About 20 birders joined me on Saturday, October 8 and Sunday, October 9 for
Cayuga Bird Club field trips to the Cornell Community Gardens, a site
renowned and much beloved among local birders as a hotspot for migrant
sparrows and other field birds in late September and October.
Saturday’s wet weather may have suppressed our turnout a bit, but those who
did attend were dampened only mildly in body and not at all in spirit. And
the birds seemed completely unaffected. We ended up getting several good
sightings of LINCOLN’S SPARROW, WHITE-CROWNED SPARROW, WHITE-THROATED
SPARROW, CHIPPING SPARROW, SAVANNAH SPARROW, and SONG SPARROW, plus
definitive but somewhat unsatisfying views of a SWAMP SPARROW and a PALM
WARBLER. Throughout the morning, we also saw impressive numbers of other
birds overhead –one flock of more than two dozen KILLDEER over the fields
across the road, maybe 50 CEDAR WAXWINGS, and TURKEY VULTURES circling near
and far all morning. Twice we saw a PILEATED WOODPECKER making dashes here
and there high in the treeline. Maybe the most cooperative birds of the
whole outing were a couple of young or female PURPLE FINCHES perched nearly
shoulder-to-shoulder for a couple of minutes, gobbling little green berries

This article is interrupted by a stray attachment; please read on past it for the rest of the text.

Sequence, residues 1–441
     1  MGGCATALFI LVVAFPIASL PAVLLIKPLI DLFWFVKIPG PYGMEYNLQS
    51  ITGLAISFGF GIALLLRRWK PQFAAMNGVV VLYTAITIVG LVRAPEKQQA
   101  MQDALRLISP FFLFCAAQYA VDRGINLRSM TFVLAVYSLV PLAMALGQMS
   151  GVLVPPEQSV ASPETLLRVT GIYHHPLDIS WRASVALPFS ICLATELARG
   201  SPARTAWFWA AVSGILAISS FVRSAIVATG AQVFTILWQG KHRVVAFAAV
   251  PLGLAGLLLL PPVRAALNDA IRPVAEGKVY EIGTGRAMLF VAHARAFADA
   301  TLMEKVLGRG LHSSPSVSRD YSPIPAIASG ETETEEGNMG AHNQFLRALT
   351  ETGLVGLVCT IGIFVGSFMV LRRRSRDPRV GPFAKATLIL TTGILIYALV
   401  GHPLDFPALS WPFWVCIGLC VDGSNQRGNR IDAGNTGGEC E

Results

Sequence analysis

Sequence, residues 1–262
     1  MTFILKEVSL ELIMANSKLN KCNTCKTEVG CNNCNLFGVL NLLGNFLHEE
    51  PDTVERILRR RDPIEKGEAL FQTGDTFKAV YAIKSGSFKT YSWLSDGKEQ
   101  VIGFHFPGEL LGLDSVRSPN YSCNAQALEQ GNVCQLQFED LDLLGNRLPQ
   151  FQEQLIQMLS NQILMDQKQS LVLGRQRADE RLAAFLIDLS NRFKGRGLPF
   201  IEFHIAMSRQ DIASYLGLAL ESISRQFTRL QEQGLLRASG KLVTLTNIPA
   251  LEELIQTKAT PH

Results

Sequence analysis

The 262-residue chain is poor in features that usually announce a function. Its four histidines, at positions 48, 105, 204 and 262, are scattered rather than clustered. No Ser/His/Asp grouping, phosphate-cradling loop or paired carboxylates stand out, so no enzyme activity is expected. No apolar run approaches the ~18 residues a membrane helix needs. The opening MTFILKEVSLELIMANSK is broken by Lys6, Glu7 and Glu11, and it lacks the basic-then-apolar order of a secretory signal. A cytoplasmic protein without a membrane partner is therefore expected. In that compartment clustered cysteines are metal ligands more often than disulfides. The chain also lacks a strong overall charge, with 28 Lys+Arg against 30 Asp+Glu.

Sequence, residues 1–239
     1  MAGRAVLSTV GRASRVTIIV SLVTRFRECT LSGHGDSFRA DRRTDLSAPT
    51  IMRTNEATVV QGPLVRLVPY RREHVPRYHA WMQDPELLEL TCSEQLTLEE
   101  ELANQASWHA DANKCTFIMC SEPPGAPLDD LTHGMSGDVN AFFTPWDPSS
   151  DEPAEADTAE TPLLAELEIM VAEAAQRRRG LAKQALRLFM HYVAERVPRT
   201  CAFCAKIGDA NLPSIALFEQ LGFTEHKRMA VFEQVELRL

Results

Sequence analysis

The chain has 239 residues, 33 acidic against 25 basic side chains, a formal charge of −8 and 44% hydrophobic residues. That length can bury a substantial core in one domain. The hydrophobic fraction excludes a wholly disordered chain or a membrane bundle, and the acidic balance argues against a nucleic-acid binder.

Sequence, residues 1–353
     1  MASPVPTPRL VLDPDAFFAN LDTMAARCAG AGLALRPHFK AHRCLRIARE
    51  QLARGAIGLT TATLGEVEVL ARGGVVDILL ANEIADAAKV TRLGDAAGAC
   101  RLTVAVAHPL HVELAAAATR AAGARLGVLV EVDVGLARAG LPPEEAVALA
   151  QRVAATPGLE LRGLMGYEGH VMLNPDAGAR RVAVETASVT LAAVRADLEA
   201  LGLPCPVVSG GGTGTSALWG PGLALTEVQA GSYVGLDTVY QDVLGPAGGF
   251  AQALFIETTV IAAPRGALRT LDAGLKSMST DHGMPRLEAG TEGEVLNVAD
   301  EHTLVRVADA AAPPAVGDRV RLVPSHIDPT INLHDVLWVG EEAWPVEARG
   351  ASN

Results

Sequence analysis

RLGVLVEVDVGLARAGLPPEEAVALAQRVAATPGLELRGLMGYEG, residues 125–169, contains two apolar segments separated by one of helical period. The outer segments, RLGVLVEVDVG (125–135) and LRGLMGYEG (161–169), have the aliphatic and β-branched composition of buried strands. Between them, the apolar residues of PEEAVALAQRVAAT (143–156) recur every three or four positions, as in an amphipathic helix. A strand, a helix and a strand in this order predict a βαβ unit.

in the hedgerow at the south end of the site.
Sunday’s field trip began with a distant but exciting view of at least
thirteen WILD TURKEYS in the field across the road, walking and then
trotting away fast with necks extended and weight forward, showing how
surprisingly well built they are for speed.
It was dry but much colder, with a discernible turnover of birds in the
plots with the change in the weather. We saw all of the sparrow species of
the previous day except Swamp, plus at least half a dozen DARK-EYED JUNCOS
and two or three FIELD SPARROWS, the first of those two species I’ve seen
at the gardens in many visits this fall. An EASTERN TOWHEE calling from
the treeline brought our weekend sparrow species total to a tidy 10. Again
the hedgerow offered added interest, this time with both RUBY-CROWNED and
GOLDEN-CROWNED KINGLETS offering up fine views. The north winds swept in
some birds throughout the morning too – some migrating BLUE JAYS, a
NORTHERN HARRIER that blazed from far north to far south in about 10
seconds, and another fleeting buteo that I later concluded, with Bob
McGuire’s confirmation, must have been a very late BROAD-WINGED HAWK (I
noted the correct shape and underwing pattern, and Bob saw the tail).
Thanks to all who attended!
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